- Content warning: This episode also explores themes around mental health.
The Best Street in Birkdale
The Solomons are South African by birth, and in their own words, South African in their hearts. Parents Derrick and Lynette moved their three kids to Aotearoa in 2003 in search of more safety, and less entrenched and institutionalised racism. In this episode they speak with their middle child, 28 year old Tammy.
As with several families in the podcast series, Derrick was the first family member to arrive in New Zealand, spending some time making arrangements before bringing the rest of his family over. He is of Khoisan heritage, an indigenous tribe of South Africa, so he has indigenous whakapapa as well. This led him to spend a year learning Māori when he first arrived in the country.
The terrorist attack on March 15th changed the family’s view of New Zealand being the safe haven they’d believed.
Tammy describes hearing of the attack for the first time online, “When I found out I felt terrified. I called you guys and everything, and we were so on edge because this was not meant to happen in New Zealand. Like, we escaped that hatefulness towards people being different.”
Derrick chimes in, “In the back of my mind, we always knew that something was going to happen. I always thought that New Zealand was too complacent in certain ways, you know. They eventually afterward said that they were looking in the wrong area where a threat was probably coming from, but that was a shock for myself.”
However racism and discrimination wasn’t a new experience for the Solomons before the Christchurch attacks. It’s something they have encountered from both New Zealanders and white South Africans who have immigrated here.
Lynette explains, “Just living our normal life day to day here I met a New Zealander and she said to me, ‘Ah so you are a Coloured.’ So I said, ‘Excuse me, where did you get to hear of that term?’ and she says, ‘This white South African said there’s a lot of Coloured people here.’”
Derrick adds, “A lot of the Afrikaner people that moved from South Africa to New Zealand... They still carry their racist views over to this country, and that is very sad.”
This episode also explores gender identity. Tammy is non-binary, and understanding and articulating their gender has been a journey for Tammy’s parents. The family has a nuanced discussion about this transition and what it has meant for them.
“At the end of the day, I wanted you to be happy, like I explained to you it was a new thing for me. I didn't expect you to identify as that. Because it was a bit of a shock to the system for me, and for your mum I guess as well. But at the end of the day, we have to, we have to accept that,” says Derrick.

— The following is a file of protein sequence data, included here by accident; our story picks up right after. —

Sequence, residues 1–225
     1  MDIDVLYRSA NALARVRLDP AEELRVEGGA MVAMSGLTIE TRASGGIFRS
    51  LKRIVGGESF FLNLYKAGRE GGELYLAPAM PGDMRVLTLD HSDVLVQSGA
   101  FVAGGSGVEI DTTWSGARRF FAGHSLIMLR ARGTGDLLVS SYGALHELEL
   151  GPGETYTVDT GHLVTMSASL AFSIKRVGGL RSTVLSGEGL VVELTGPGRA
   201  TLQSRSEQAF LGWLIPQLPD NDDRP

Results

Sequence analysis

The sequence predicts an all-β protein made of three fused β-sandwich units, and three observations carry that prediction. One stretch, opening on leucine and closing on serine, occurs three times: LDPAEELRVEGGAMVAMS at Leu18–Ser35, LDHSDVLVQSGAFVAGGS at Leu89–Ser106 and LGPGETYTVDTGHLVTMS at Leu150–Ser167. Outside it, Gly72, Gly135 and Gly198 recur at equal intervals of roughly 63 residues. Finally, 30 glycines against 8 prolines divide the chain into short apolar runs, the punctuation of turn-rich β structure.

Where to get help:
Need to Talk? Free call or text 1737 any time to speak to a trained counsellor, for any reason.
- Lifeline: 0800 543 354 or text HELP to 4357
- Suicide Crisis Helpline: 0508 828 865 / 0508 TAUTOKO (24/7). This is a service for people who may be thinking about suicide, or those who are concerned about family or friends.
- Depression Helpline: 0800 111 757 (24/7) or text 4202
- Samaritans: 0800 726 666 (24/7)
- Youthline: 0800 376 633 (24/7), free text 234 (8am-12am), or email firstname.lastname@example.org
- What's Up: Online chat (3pm-10pm) or 0800 WHATSUP / 0800 9428 787 helpline (12pm-10pm weekdays, 3pm-11pm weekends)
- Kidsline (ages 5-18): 0800 543 754 (24/7)
- Rural Support Trust Helpline: 0800 787 254
- Healthline: 0800 611 116
- Rainbow Youth: (09) 376 4155
If it is an emergency and you feel like you or someone else is at risk, call 111.
Series Classification: G (General Programmes)
Conversations With My Immigrant Parents is a podcast and video series hosted, produced, and directed by Saraid de Silva and Julie Zhu.
Saraid de Silva is a Sri Lankan/Pākehā actor and writer. Her work deals with contemporary feminism and the realities of being a first generation South Asian New Zealander.
Born in China, Julie Zhu is a filmmaker, photographer, and storyteller focused on championing the stories and voices of marginalised identities.